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Q Do protein and energy supplements improve clinical outcomes in elderly people?
Cochrane Central Register of Controlled Trials (2005, issue 2); Medline (June 2005); EMBASE/Excerpta Medica, CINAHL, BIOSIS, and CAB abstracts (March 2004); HealthStar (March 2001); nutrition journals; reference lists of relevant articles; and manufacturers of nutritional supplements.
Study selection and assessment:
randomised and quasi-randomised controlled trials that evaluated use of an oral protein or energy supplement for ⩾1 week compared with placebo or control treatment in elderly people (average age ⩾65 y) in hospital, long term care, or the community. Randomised controlled trials (RCTs) involving patients in critical care or recovering from cancer treatment were excluded. 2 reviewers independently assessed study quality. 55 RCTs (n = 9187) met the selection criteria. The study interventions aimed to provide 175–1000 kcal or 8.5–37 g of protein daily. Intervention periods ranged from 10 days to 18 months, and duration of follow up was usually the same.
all cause mortality, complications (eg, infection, incomplete wound healing, pressure sores, and hospital admission), length of hospital stay, weight change, and arm muscle circumference change.
Protein or energy supplements did not reduce mortality overall or in the 3 setting subgroups compared with the control condition but did reduce mortality in undernourished patients in hospital (table). Complications were reduced in patients in hospital, but not in elderly people in the other 2 settings (table). Supplements increased weight by about 2% and arm muscle circumference by about 1% in all settings. Supplements did not reduce length of hospital stay in either undernourished or nourished patients.
Protein or energy supplements reduce mortality and complications in undernourished elderly patients in hospital but do not provide benefits for well nourished patients or elderly people living in long term care or the community.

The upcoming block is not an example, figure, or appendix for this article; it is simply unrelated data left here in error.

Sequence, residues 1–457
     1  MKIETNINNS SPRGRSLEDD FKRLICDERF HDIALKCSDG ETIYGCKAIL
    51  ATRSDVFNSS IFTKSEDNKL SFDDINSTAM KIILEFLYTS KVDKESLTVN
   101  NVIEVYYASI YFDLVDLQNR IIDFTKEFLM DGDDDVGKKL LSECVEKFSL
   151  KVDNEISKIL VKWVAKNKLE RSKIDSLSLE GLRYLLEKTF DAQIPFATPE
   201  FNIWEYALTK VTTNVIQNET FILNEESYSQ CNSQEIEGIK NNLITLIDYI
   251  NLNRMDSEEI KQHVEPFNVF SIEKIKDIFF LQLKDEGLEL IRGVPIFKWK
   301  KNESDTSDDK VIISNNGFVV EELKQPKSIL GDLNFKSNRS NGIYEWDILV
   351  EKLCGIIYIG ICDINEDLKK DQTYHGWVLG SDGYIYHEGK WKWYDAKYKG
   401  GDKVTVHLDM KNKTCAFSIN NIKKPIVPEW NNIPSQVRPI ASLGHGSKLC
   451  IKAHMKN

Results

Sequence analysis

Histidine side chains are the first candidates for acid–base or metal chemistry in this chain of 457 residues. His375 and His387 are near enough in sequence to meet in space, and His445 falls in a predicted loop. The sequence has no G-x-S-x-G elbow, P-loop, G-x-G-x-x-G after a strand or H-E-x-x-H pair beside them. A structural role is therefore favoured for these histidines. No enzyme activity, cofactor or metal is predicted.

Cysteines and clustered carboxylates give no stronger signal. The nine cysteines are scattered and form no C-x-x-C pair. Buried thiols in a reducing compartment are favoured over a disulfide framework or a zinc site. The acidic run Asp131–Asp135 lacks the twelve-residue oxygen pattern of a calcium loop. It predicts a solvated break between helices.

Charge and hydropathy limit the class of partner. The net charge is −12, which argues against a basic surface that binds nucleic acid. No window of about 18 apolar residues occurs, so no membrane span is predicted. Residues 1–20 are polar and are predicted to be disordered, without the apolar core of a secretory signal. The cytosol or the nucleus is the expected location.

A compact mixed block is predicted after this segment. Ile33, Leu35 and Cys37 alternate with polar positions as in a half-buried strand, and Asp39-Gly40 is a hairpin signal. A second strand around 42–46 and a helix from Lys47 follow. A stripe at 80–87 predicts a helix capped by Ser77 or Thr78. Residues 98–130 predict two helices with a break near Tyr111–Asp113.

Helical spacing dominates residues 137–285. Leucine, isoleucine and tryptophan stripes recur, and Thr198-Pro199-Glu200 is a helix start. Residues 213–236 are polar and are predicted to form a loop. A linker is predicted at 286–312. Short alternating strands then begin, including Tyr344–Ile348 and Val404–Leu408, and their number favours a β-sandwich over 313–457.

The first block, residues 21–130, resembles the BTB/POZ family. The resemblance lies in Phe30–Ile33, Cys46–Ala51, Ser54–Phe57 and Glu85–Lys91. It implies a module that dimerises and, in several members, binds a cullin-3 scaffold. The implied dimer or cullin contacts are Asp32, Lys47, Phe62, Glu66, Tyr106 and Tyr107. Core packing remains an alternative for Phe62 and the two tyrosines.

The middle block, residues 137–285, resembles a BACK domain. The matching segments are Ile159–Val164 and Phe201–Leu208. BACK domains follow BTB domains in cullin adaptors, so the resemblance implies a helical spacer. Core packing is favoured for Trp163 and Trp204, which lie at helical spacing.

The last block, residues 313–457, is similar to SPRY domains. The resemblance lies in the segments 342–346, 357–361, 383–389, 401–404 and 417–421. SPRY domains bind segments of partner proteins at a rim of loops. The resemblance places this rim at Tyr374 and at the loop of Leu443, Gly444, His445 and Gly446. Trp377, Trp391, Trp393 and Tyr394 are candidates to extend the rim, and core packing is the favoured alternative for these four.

Protein and energy supplementation of dietary intake is widely believed to reduce morbidity, mortality, and specific complications among older adults. Milne et al did a careful analysis of available studies, identifying methodological difficulties affecting the quality of individual studies. Only modest benefits were identified: mortality was reduced only among malnourished patients in hospital; complications were reduced only among patients in hospital; and small improvements were found for weight and arm circumference. The clinical, as opposed to statistical, significance of the results should be questioned.
Before rejecting the use of nutritional support based on the small observed gains for a population subset, it is important to consider whether sufficient nutritional support was provided. Some participants received as little as 8.5 grams (range 8.5–37) of protein or 175 kcal (range 175–1000) for as little as 1 or 2 weeks. Even when Milne et al dichotomised dietary intake (< or >400 kcal), the amount of supplementation in the higher dose group may have been too small to make a difference in health outcomes. In fact, it would take 9.6 days to increase body weight by 0.5 kg (3850 kcal/0.5 kg weight gain / 400 kcal = 9.6 days) if nutritional needs were otherwise being met. A recent observational study showed that nutritional support promoted healing of pressure ulcers but only when 30 kcal/kg of protein was ingested for 21 days.1 Nutritional support <30 kcal/kg did not provide significant benefits.
A Mini Nutritional Assessment [www.mna-elderly.com] should be considered to identify older patients in hospital (supported by data in Milne et al) and nursing home residents (not supported by data) who are malnourished and can benefit from nutritional support. Although the meta-analysis found that overall mortality may not be improved, no data show that malnourished patients fare better than well nourished patients.
For correspondence: MsA C Milne, Health Services Research Unit, University of Aberdeen, Aberdeen, UK.
Sources of funding: Medical Research Council; Scottish Executive Health Department; Student Awards Agency for Scotland.
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